The future of primary care seems inextricably intertwined with other NHS services, but Dr Katie Musgrave questions whether it has to be this way
As we have been plodding along, trying to keep our heads above water, there are plans to ‘integrate’ primary care, whatever that means – and rising to the surface of these plans is the Fuller Report, led by chief executive designate of Surrey Heartlands ICS Dr Claire Fuller.
I listened with interest to the oral evidence given to the Health and Social Care Select Committee in their work on ‘The Future of General Practice’ this summer. This was one of the more encouraging debates I have heard, with the committee chair Jeremy Hunt giving Dr Nikki Kanani, Dr Amanda Doyle, Matthew Style and James Morris a thorough grilling.
One comment made almost as an aside by Mr Style – the director general for NHS Policy and Performance – stood out. He said: ‘There is a strong consensus across the profession, across the NHS, about the vision that Dr Fuller has set out for the future of primary care.’
Is there? Have we as a profession been consulted about Dr Fuller’s vision? Is there a strong consensus? Or is this simply more nonsense from the bowels of NHS England that will further demoralise and fracture our service, until we really are at the point of no return?
Over the past few years, we have been promised salvation in various forms.
First, there was multi-disciplinary working. Using a team of professionals would reduce our workload and make our jobs more sustainable.
Then there were remote consultations. These would be efficient to deal with patient enquiries without the need for an appointment (and would definitely not drive inappropriate demand).
Scaling up general practice would allow special interests to flourish, streamline back-office functions, and allow innovations to be rapidly disseminated (these would definitely not demoralise staff and lead patients to feel they were engaging with an anonymous machine).
Extended access would relieve pressure from weekday services and allow patients to book an appointment at a time to suit them (and would definitely not spread a thin workforce even thinner).
And PCNs were introduced to allow us to collaborate closely with other practices (but were definitely not a vehicle by which to incentivise the sharing of appointments, staff and estates – with the end goal of encouraging practice mergers).
Promise after promise has been made, but please take note: none of these proposals have worked. They have not touched the sides of the crisis in general practice, and, arguably, they have hastened its demise. We have been too busy dealing with the introduction of PCNs and the associated shifting sands to look at how to build a service that can survive in the coming decades.
So, now we have the Fuller Report, presented with all the fanfare that NHS England can muster. It builds on the PCN model and proposes:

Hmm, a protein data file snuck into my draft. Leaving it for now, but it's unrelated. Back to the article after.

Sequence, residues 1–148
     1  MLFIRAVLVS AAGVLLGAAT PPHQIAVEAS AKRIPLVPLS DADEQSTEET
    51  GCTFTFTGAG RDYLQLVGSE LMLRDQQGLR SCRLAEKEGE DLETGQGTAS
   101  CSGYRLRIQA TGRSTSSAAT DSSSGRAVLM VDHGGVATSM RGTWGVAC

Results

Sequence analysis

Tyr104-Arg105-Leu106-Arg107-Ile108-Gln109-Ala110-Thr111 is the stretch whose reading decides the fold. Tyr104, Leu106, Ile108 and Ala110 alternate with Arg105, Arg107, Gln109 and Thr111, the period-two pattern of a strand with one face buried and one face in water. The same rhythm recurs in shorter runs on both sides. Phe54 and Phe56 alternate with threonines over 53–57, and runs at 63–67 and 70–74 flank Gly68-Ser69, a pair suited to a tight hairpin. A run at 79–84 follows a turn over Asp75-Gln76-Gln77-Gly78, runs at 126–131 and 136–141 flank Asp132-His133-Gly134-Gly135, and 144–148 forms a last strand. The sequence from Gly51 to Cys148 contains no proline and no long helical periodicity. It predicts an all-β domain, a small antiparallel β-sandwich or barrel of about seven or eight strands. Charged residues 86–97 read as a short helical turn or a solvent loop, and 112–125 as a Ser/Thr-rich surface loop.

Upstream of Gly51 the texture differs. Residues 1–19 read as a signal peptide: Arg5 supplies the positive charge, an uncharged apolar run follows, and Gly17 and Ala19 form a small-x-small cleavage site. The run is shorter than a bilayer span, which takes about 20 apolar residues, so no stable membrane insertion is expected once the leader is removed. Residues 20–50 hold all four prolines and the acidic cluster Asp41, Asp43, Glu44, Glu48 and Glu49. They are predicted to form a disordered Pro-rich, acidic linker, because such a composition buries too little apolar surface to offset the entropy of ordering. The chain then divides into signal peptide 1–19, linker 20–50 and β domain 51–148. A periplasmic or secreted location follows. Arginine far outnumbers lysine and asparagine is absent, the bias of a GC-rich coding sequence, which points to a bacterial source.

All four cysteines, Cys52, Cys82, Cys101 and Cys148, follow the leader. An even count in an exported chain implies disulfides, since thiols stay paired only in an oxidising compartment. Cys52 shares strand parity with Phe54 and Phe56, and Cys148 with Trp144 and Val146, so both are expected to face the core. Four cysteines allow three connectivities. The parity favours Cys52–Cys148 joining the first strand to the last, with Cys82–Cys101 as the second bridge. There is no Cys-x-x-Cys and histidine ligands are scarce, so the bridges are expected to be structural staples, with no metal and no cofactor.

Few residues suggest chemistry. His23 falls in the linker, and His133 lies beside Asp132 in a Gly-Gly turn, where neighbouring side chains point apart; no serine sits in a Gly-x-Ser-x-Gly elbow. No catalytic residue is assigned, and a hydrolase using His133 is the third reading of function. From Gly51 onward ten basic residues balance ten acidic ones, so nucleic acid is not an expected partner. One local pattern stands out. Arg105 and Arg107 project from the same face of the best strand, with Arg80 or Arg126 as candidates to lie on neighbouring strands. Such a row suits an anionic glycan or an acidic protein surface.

‘At the heart of the new vision for integrating primary care is bringing together previously siloed teams and professionals to do things differently to improve patient care for whole populations. This is usually most powerful in neighbourhoods of 30,000 to 50,000, where teams from across primary care networks, wider primary care providers, secondary care teams, social care teams, and domiciliary and care staff can work together…’
But why 30,000 to 50,000? Has this figure been plucked out of thin air? Surely the scale and model will vary depending on the rural or urban nature of a population.
The other particularly interesting aspect of the report is the proposal to integrate the urgent care system (and separate this from chronic illness management). That is, to deliver same-day care across the scale of a PCN, ultimately including out of hours and 111:
‘In the face of rising demand, we need to move to a streamlined and integrated urgent care system… We need to enable primary care in every neighbourhood to create single urgent care teams and to offer their patients the care appropriate to them…
‘Critically, we need to create the conditions by which they can connect up to the wider urgent care system, supporting them to take currently separate and siloed services – for example, general practice in-hours and extended hours, urgent treatment centres, out-of-hours, urgent community response services, home visiting, community pharmacy, 111 call handling, 111 clinical assessment – and organise them as a single integrated urgent care pathway in the community that is reliable, streamlined and easier for patients to navigate.’
Do you see what is planned? Yet, as we all know, patients do not come to our service with a banner announcing: ‘This is an urgent problem and need not be viewed through the lens of continuity.’ I would argue that every patient benefits from a degree of continuity, and that at the very least, we must not design continuity of care out of the system, which is exactly what the Fuller Report does.
Understanding a patient’s background, context, previous consulting behaviour and past medical history, as well as establishing a trusting relationship, is fundamental to safely providing good quality care. Of course, some of our workload must be reduced – drop in mental health cafes, better family planning access, children’s centres and the like. But to suggest that urgent care should be delivered across a population size of 30,000 to 50,000 patients is frankly insane.
I do not write these words glibly, or without reflection. A wholesale move in the direction outlined by the Fuller Report will lead to increased secondary care referrals, overprescribing, increased rates of reconsultation and reduced patient satisfaction. This would likely finally bring down the NHS.
If merging hasn’t worked, we must not merge, merge and merge some more. As GPs, we know the value of what we do – and we must defend it before it has gone for good.
Dr Musgrave is a newly qualified GP in Devon and quality improvement fellow for the South West